The hook: Sometimes an on-the-nose reference is just what’s needed. Such was the case with Solveig’s song in Sunday’s ep of How To Make It in America. All hustle, a thumping anthem, the dance song practically propelled Ben (Bryan Greenberg) and Cam (Victor Rasuk) forward as they visited Japan to peddle a line of T-shirts they designed. If I were pounding the pavement in a foreign country, I’d definitely turn my iPod up to 11 and jam out to this.

Watch it! The show is available online to subscribers at HBO GO. Everyone else can listen to Solveig’s track on YouTube.

Credit: Lewis Jacobs/NBC


The song: Patience and Prudence, “Tonight You Belong To Me”

The episode: “Pilot” (101)

The hook: Clearly Glee creators Ryan Murphy and Brad Falchuk are hell bent on keeping us awake at night. Their song choices — including promos featuring Hannah Peel’s eerie cover of Soft Cell’s “Tainted Love” — have been awesomely creepy, and the inclusion of this song from a 1950s sister act was no exception. A Billboard smash when it was released in 1956, the song’s placement in the 1978 prologue for Horror imbues it with an unsettling feeling. A pair of redheaded twins (American Weasley doppelgangers who get off on violence) enter a derelict old house, and the angel-voiced tune kicks up just as they begin smashing the place to bits. Of course, the twins’ own destruction is the natural conclusion, and the refrain, “Tonight you belong to me,” takes on a sinister meaning as the boys are claimed by the unspeakable spirits that haunt the house.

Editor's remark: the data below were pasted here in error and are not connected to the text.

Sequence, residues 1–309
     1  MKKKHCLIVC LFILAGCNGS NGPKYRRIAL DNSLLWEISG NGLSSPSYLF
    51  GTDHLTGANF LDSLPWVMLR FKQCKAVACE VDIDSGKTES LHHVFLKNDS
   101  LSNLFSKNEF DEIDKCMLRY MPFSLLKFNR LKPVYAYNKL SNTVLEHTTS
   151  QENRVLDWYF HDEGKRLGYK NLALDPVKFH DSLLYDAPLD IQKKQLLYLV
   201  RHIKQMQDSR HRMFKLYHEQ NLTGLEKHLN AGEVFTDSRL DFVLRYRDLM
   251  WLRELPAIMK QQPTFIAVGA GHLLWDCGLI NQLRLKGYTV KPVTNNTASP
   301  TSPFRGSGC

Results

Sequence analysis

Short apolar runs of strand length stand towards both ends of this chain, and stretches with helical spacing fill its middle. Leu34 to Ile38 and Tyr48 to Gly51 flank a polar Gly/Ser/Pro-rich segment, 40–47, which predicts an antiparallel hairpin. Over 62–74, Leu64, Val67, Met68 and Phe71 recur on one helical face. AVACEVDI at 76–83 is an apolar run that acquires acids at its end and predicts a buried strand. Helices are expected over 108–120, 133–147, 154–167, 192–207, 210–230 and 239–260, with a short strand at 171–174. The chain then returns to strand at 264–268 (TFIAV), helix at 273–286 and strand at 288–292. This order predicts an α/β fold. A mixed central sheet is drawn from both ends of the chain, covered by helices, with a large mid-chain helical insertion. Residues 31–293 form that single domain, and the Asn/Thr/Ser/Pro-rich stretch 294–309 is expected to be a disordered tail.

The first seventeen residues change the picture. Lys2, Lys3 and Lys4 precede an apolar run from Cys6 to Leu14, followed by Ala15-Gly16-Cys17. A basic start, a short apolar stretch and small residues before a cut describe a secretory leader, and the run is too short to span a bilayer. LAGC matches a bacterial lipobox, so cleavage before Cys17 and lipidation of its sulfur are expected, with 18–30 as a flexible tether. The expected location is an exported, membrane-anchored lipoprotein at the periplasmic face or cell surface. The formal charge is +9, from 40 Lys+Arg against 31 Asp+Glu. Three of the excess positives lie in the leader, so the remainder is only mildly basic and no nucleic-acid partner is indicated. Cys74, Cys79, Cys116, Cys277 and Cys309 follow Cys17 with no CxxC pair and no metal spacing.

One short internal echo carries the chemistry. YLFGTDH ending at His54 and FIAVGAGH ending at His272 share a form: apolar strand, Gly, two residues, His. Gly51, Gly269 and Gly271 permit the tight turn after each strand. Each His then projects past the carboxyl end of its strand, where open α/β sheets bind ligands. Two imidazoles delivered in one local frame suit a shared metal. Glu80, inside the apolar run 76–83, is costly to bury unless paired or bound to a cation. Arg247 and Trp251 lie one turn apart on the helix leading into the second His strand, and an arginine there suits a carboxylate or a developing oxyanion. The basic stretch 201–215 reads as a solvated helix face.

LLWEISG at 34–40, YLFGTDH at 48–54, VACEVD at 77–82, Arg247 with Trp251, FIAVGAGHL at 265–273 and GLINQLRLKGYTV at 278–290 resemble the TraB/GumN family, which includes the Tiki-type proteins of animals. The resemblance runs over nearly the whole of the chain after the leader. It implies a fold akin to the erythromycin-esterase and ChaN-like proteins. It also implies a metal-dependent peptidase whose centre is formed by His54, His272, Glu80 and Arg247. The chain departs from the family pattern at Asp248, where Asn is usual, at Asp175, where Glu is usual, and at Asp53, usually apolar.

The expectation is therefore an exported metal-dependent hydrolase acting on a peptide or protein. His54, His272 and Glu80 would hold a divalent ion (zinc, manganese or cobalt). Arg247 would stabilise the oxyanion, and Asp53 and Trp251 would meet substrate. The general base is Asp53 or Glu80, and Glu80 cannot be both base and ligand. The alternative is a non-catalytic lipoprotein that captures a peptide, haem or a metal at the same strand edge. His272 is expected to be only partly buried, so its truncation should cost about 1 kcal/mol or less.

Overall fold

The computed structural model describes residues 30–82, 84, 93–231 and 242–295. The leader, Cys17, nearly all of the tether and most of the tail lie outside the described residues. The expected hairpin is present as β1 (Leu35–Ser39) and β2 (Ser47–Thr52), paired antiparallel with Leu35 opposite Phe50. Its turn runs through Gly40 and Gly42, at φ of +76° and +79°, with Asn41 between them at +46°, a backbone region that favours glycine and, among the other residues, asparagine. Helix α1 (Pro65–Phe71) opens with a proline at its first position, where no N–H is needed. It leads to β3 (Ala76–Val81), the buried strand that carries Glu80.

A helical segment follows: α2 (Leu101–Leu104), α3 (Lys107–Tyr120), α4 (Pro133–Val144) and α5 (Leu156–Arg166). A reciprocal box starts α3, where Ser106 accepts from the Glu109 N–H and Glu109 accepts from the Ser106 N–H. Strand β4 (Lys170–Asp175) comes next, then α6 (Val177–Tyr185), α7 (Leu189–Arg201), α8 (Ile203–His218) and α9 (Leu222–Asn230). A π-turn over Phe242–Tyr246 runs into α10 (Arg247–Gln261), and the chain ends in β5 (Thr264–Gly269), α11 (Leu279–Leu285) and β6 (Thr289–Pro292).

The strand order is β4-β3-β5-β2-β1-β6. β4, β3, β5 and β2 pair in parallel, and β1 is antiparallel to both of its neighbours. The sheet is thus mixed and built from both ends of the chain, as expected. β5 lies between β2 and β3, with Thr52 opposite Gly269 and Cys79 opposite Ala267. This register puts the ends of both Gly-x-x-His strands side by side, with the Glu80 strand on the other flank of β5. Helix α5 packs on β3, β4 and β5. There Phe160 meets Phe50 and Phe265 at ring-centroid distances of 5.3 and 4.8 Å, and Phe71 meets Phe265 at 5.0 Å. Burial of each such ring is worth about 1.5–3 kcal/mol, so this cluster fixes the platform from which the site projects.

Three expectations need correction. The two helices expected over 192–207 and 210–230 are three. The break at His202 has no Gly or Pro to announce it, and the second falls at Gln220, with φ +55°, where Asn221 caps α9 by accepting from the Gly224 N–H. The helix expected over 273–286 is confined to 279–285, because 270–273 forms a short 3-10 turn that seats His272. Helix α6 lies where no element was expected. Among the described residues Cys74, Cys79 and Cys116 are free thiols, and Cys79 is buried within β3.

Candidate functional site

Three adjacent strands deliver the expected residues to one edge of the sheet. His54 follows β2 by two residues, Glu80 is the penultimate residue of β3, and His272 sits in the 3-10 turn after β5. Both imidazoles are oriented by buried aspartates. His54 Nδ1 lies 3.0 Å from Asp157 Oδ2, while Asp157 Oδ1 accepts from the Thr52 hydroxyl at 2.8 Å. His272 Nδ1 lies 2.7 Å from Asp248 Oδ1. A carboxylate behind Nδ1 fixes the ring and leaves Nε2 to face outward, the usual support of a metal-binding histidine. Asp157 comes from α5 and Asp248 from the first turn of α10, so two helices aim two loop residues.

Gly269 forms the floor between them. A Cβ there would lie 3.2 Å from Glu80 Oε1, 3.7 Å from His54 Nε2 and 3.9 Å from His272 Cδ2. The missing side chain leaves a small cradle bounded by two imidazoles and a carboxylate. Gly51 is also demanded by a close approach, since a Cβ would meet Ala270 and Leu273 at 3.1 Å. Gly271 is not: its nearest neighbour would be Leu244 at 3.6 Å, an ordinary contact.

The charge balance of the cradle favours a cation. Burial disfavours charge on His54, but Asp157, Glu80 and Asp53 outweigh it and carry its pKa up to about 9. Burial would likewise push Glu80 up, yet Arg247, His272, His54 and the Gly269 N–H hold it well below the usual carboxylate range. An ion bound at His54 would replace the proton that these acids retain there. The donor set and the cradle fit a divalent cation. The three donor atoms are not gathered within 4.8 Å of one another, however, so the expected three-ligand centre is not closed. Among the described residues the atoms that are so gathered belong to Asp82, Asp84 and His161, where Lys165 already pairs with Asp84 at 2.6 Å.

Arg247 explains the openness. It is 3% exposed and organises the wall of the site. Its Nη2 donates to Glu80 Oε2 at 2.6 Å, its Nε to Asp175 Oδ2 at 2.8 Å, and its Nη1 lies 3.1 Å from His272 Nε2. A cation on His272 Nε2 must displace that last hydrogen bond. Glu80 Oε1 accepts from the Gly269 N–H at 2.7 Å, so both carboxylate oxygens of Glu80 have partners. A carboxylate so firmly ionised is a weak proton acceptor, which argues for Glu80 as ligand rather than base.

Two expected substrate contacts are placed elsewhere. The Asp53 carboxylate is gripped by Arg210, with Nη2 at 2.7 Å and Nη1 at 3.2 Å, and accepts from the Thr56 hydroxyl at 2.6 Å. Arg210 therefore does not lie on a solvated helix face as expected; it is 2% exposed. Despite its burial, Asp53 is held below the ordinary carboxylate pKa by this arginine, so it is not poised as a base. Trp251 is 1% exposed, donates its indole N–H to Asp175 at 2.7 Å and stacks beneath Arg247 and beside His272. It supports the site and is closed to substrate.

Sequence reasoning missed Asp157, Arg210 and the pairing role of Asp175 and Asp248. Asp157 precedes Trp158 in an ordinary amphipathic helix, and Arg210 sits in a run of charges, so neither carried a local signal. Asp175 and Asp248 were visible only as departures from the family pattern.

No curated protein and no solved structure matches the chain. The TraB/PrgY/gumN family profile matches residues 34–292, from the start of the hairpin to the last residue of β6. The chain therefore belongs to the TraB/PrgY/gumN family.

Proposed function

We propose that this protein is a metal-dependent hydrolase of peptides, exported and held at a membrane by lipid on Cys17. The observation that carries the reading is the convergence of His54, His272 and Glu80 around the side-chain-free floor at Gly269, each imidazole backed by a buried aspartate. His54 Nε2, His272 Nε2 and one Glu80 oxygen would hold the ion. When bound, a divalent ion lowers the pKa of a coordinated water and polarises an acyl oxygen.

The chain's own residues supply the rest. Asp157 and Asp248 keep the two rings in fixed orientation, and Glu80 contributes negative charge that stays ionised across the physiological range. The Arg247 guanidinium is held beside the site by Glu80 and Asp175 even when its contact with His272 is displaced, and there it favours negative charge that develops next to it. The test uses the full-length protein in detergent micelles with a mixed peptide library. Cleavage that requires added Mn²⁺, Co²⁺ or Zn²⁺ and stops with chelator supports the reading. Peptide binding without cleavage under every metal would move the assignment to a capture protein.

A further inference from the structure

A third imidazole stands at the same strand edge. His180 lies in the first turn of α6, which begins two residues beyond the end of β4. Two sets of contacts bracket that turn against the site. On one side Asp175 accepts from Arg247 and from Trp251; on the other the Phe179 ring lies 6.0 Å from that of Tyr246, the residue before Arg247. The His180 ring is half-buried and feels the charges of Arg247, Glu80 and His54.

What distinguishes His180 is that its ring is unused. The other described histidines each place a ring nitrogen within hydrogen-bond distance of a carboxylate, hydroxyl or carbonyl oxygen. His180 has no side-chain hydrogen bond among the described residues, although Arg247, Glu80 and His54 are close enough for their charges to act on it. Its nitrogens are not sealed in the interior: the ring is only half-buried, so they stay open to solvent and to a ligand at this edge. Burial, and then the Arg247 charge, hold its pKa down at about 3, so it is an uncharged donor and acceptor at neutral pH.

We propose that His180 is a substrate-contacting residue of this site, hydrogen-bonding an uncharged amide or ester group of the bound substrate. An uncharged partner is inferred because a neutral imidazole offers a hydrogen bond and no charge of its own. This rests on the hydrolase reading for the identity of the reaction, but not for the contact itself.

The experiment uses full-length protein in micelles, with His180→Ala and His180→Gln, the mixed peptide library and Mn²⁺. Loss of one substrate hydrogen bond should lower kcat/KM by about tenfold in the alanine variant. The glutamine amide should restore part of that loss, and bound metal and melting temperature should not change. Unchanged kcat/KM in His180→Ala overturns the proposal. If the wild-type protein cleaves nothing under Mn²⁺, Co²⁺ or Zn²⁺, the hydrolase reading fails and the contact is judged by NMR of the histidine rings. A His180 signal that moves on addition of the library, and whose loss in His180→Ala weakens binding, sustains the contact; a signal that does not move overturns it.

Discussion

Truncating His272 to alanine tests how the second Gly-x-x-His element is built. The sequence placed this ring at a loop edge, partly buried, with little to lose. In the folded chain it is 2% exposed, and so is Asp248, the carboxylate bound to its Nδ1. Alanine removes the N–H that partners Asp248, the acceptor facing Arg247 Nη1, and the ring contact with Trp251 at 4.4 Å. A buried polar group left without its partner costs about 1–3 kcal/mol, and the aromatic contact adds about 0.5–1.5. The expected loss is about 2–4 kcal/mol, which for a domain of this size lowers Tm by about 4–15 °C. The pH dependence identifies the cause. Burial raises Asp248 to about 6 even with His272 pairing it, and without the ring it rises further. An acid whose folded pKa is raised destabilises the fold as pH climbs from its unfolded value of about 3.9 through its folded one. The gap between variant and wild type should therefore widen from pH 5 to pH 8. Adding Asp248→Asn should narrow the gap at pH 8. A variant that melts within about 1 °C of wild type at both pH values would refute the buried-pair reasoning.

Watch it! The gasp-inducing premiere isn’t available online yet, but EW just happened to get a sneak peek at the scene in question on Monday. If you’re not shivering in a corner yet, read Jeff Jensen’s recap.

Credit: Lewis Jacobs/NBC


The song: Fruit Bats, “You’re Too Weird”

The episode: “Betrayal” (103)

The hook: It’s almost a throwaway moment in the scheme (pun intended) of things, but including the indie-folk outfit’s breezy ditty during a summer morning as Charlotte Grayson’s (Christa B. Allen) ex-boyfriend Adam (Robbie Amell) sneaks into her room provides a nice, light counterpoint to all the machinations floating around the Hamptons. Moreover, the lyrics (“Somebody needs to tell me what I’m supposed to do/ Say that I’m not supposed to be in love with you… And I’m the only one who ever believed in you”) hit notes that are at once appropriate and paradoxical since Adam is definitely not all he claims to be.

Watch it! The teen trickery commences at 4:57 on Revenge‘s Hulu page. Don’t forget to get the full scoops of the episode from Darren Franich’s recap.

Credit: Lewis Jacobs/NBC


The song: “It’s My Party,” originally by Lesley Gore

The episode: “A Matter of Simple Duplicity” (103)

The hook: Colbie Caillat channeled Lesley Gore in a performance of this 1963 chart topper for the third — and final — episode of the short-lived firebrand of a series. Plot-wise, the song was merely background, as mob fixer-turned-political aspirant Nick Dalton (Eddie Cibrian) shimmied and dipped, hoping to inspire Frances Dunhill (Cassidy Freeman) to call in help from her powerful father. Caillat’s rafter-high riffs provide a nice balance to Cibrian’s goofy dance moves, but it was the meta significance of the ultimately ironic song choice that made the moment a standout when The Playboy Club was canceled just a day later.

Watch it! Nick and Frances get their prophetic dance on at 13:33 on the show’s Hulu page. Cry — if you want to — while reading Mandi Bierly’s take on the series’ final episode, then watch Mandi’s video obituary for the show.